Retire: to put on new treads
Retirement planning involves the saving phase, the spending phase, and perhaps just as important, the what-are-you-going-to-do phase. The July 1996 AAII Journal covered this part of retirement planning in an article titled "Myths and Misconceptions About Life in Retirement".
Between working and commuting, your job is occupying at least 9 hours of each day and during retirement you need to be able to fill those hours. Maybe you would not mind staying at home all day long every day, but that is not my choice because you would find me dancing on the ceiling quite quickly.
The transition between your working days and your retirement days can be as easy or as difficult as you would like. My own feeling is that you need to have at least one thing lined up for after you leave the work force. In my own case, the transition period lasted about a month and during this time, I was filling in more of the day's time. A friend of mine shares the opinion that without structure, the days would turn into mighty long days. This thought is reiterated by my daughter and a former teacher who both said that a person needs to keep planning and looking forward to something; without this stimulation the brain, and eventually body, go into a stale mode.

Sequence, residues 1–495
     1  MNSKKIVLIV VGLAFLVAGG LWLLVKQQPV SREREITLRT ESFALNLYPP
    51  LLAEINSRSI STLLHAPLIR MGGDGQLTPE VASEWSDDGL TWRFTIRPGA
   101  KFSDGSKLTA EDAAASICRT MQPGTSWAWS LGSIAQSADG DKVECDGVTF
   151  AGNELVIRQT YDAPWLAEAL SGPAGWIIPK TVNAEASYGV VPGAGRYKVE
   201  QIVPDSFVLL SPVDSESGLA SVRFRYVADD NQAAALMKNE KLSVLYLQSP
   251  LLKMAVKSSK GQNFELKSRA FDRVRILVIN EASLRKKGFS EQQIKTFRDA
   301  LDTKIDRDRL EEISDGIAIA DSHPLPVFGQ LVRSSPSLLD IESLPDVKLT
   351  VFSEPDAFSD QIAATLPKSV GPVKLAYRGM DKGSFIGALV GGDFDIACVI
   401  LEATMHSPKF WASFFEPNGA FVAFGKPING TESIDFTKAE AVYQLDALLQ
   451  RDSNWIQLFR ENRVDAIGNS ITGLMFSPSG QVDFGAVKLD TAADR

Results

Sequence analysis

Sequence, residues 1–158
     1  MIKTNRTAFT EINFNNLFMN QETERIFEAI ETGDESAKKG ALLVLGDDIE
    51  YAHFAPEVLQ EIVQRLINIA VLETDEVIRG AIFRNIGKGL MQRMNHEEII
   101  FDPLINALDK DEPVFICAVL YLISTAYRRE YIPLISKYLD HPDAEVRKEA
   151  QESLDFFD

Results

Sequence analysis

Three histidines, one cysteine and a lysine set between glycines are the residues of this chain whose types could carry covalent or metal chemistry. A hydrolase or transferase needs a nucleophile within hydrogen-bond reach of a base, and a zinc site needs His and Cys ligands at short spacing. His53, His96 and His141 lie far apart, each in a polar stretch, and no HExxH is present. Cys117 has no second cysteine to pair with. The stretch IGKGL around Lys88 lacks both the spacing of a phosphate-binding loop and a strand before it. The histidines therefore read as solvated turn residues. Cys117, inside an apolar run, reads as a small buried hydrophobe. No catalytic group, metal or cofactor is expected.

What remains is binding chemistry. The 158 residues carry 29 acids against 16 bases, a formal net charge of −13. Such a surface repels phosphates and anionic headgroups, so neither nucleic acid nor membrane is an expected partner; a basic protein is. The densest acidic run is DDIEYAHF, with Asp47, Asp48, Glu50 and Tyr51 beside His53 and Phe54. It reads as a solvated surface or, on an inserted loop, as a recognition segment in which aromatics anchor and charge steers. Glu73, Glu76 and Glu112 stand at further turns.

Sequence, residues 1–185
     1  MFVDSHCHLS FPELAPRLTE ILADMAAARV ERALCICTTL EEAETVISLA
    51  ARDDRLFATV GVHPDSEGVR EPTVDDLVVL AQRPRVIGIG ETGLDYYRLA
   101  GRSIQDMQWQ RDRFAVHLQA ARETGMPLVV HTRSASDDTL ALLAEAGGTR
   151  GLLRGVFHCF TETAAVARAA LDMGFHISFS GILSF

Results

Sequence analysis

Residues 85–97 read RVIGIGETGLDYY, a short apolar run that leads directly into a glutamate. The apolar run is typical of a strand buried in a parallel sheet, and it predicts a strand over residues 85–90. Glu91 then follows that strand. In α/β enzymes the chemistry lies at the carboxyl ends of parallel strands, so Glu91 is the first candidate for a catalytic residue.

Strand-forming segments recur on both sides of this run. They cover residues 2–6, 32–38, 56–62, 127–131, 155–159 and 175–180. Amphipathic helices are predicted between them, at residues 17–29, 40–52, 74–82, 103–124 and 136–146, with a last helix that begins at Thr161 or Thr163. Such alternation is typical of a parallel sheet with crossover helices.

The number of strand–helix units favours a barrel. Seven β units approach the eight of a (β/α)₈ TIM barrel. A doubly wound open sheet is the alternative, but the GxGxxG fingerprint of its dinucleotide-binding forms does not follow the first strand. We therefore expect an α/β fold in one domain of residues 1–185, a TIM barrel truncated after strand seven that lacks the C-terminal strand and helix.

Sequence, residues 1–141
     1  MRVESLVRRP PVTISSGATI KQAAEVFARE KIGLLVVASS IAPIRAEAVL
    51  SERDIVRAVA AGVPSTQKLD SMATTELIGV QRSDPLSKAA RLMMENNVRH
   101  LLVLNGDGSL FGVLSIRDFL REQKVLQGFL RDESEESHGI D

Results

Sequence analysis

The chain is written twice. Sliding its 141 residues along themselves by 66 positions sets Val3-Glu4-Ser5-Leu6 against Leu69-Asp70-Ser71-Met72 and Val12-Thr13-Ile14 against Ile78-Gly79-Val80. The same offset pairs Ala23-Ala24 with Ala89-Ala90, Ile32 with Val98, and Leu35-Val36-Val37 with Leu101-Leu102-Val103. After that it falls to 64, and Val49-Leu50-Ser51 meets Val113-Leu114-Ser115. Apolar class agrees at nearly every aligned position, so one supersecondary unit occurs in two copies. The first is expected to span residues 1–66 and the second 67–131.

You should be able to look upon retirement as a time of opportunity rather than a time of boredom; seems that some folks get so bored that they return to a job just to have something to do. Sometimes a person explores so many hobbies and interests before retirement that when the day arrives, there are no more interests to pursue. And taking care of all those odds & ends around the house gets tiresome real quick.
Lifelong learning and volunteering in the community have been in my vocabulary for the last 20 years. All my working years were in the day shift and therefore all the classes that I took were in the evening. Quite a few classes were and are not offered at night at our local community college and therefore were beyond my reach. If you never liked studying for exams then maybe college-level classes are not for you. But if you take these classes and study and take tests your mind cannot help but to be active.
Volunteer opportunities abound for people of all ages, and retirement can open a door to many more possibilities than you have during your working years. You can pick and choose what you want to do and when you want to do it. Nice hours!!